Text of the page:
Experts say the typical American diet is a leading cause of health problems in our country. But all those bad-for-you processed foods also happen to be inexpensive, quick, and tasty. No wonder Americans eat poorly. It’s just so easy to do!

In today’s drive toward improving population health, there’s a hardy focus on the concept of food as medicine. Payers and providers are smart to experiment with programs that make eating healthy food easy and convenient.

Two factors are at play here: First, bad food can make people sick, which means higher healthcare costs and reduced quality of life. Second, the right type of food can reduce the risk and the severity of a bunch of chronic conditions, which means lower costs and a better life.

A recent study documented the trend of insufficient consumption of recommended foods and nutrients in populations around the world in 2017. Bad diets caused more deaths than any other risk factor, including cigarette smoking. FYI: The United States stood out for consuming the most processed meat, trans fats, and sugary beverages, while being especially low on whole grains. (Lancet)

We know a steady diet of good food has long-term positive effects, thanks to its proven ability to combat disease risk. For example, a Women’s Health Initiative observational study followed 50,000 women over 20 years and found those who ate more fruits, vegetables, and whole grains had a lower risk of breast cancer. (Washington Post)

Motivation to eat well

Since there aren’t too many ways to dress up the flavor of steamed Brussels sprouts (hint: try roasting them instead), we think making healthy food more convenient is the better method to encourage consumers to eat well. For payers and health management organizations, the common sense solution would be to consider partnerships with local resources for grocery and meal delivery programs that might supplant a patient’s default toward processed and fast food.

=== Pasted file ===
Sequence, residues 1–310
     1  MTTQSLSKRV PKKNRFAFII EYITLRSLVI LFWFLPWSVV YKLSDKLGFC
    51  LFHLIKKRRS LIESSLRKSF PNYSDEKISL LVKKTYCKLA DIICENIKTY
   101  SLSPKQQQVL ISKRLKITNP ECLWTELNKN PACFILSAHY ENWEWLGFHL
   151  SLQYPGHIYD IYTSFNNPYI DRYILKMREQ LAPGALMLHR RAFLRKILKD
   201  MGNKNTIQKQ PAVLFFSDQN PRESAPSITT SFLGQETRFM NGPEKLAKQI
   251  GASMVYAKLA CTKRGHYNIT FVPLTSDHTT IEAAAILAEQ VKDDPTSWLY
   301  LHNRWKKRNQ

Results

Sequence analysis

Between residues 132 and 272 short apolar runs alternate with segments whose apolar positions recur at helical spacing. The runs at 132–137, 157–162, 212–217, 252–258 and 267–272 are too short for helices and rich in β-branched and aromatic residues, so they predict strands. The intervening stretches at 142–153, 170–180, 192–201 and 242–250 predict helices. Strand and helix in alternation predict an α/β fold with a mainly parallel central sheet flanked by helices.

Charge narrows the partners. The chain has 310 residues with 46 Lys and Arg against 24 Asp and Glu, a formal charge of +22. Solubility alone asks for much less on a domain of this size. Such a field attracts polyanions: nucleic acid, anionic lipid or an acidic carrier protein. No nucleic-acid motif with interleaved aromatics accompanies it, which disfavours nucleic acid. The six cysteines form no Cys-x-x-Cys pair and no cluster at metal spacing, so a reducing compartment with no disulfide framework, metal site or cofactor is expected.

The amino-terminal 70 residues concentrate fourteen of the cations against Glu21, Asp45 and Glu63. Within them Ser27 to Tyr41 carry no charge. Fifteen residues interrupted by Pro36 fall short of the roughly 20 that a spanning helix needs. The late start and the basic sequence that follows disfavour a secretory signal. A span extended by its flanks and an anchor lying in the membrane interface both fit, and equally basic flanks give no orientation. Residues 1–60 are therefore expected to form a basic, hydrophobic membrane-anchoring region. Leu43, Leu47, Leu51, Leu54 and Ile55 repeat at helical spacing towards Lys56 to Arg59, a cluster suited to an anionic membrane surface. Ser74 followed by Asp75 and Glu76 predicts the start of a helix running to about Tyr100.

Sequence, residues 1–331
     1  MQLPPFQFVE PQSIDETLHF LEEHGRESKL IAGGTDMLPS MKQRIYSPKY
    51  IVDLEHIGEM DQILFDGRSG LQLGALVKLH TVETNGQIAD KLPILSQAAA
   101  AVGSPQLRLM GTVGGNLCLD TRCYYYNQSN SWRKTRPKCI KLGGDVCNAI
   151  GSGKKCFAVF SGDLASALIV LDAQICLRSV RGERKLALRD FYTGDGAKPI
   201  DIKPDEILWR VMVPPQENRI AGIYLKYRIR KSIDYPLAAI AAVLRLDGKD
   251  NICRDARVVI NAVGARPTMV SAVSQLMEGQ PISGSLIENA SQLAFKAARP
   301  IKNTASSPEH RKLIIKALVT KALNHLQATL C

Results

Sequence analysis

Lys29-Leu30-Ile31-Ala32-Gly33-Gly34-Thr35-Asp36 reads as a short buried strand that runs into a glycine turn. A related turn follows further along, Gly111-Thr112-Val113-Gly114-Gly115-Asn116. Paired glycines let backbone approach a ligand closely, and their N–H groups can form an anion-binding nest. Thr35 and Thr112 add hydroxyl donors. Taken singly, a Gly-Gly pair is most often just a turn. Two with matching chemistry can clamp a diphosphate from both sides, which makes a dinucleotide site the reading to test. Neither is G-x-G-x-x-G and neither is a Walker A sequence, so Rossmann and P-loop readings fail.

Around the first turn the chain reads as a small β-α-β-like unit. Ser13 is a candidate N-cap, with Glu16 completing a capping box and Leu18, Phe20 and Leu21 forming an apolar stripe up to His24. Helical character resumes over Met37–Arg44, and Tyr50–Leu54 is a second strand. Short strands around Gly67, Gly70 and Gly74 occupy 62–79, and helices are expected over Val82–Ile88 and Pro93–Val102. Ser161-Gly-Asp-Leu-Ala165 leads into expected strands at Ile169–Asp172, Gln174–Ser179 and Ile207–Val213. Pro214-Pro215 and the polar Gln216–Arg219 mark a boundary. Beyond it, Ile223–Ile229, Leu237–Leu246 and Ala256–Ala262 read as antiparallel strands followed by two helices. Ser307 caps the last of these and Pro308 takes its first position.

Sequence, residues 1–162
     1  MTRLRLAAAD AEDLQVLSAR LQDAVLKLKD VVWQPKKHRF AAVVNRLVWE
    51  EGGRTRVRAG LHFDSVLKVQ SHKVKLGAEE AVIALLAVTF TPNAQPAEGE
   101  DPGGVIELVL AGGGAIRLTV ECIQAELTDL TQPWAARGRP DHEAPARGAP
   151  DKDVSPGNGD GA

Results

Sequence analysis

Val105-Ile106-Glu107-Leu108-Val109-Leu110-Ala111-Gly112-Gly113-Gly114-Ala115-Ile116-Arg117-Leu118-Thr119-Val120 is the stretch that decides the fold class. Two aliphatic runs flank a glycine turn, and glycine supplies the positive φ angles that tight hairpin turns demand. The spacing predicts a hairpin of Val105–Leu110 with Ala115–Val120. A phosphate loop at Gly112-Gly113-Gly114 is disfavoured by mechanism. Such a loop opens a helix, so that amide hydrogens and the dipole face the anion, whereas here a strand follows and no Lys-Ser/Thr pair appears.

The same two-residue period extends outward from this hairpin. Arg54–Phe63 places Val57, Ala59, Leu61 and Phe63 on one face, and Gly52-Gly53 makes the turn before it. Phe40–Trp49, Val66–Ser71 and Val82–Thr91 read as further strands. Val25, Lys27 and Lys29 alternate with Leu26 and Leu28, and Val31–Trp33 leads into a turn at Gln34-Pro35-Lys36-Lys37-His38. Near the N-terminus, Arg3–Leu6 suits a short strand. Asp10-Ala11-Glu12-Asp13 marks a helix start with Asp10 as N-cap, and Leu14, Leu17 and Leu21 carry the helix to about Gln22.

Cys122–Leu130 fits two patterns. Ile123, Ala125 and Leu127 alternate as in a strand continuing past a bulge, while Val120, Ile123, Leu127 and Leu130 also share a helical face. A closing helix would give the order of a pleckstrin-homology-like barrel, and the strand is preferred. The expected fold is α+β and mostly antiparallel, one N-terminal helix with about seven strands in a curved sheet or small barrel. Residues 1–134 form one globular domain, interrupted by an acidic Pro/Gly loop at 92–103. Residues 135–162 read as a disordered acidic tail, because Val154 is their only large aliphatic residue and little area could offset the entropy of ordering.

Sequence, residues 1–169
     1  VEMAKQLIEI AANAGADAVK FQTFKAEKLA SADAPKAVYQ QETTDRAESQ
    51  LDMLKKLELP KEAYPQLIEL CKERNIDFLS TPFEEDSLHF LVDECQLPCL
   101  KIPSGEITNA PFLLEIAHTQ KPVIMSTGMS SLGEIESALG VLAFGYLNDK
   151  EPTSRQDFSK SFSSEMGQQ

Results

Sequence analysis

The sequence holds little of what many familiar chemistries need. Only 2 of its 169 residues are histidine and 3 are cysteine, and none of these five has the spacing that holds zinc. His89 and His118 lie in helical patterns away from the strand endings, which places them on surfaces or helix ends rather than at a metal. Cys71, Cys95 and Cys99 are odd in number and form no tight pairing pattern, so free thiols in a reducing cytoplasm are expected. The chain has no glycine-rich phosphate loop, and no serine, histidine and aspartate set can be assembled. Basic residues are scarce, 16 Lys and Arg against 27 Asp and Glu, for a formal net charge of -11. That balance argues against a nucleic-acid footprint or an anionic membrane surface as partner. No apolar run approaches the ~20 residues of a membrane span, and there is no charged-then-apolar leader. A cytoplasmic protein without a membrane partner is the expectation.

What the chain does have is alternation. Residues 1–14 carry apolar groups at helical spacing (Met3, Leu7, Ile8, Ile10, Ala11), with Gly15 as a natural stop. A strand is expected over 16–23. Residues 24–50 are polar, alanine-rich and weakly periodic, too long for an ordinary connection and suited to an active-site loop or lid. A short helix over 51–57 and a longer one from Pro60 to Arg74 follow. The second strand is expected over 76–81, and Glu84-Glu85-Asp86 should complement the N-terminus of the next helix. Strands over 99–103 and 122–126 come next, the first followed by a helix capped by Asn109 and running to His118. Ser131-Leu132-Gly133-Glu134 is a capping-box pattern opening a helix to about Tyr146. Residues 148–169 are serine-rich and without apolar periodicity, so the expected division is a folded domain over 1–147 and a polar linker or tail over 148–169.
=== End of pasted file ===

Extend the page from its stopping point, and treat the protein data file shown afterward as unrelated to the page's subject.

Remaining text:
And with rideshare services getting onto the healthcare highway, as we noted earlier this year, good eats can be just a click away. Lyft, for example, has announced the expansion of its Grocery Access Program, which offers rides to families who live in food deserts for a flat rate of $2.50. Meanwhile, a number of Blues plans are cruising along with their new FoodQ home deliveries that offer healthy meals for just $10 a month.

Cost comparisons indicate the model does promise a real return on investment.

In Pennsylvania, the nonprofit MANNA Institute has quantified the healthcare impact of its medically tailored meal program for individuals with serious illnesses. For those who received tailored meals — such as low-sodium or kidney-friendly options — hospital visits decreased by 50%, and average monthly costs were $13,000 less per month. (MANNA) They have since partnered with several major health insurers to provide reimbursable services for plan members.

Remember those with chronic conditions account for 90% of the healthcare spend. Programs that make a healthy diet easy can decelerate the cost cycle of illness and treatment, which makes tons of economic sense.

Also, by integrating community partners into the larger health ecosystem, organizations could capitalize on other opportunities to improve social determinants of health. Need a low-sodium meal and a ride to the cardiologist? Done.

The cautions, of course, are in the difficulty of measuring the outcomes of healthy food access programs and operationalizing the logistics. Consumers need to be home to receive the groceries, and delivery trucks need refrigeration for fresh selections. Logistics will be especially tough in neighborhoods that need food programs the most.

Our Take: What’s awesome about the good-food model is that it applies across the continuum, so it can have far-reaching effects on prevention, chronic care, and post-acute care. It’s time to make the case to invest in food as valuable medicine that can and will transform the system from sick-care to healthcare.

Food-as-medicine is just one of the transformational trends we’ve got an eye on. Read more in our white paper, The Best Market Opportunities in Healthcare.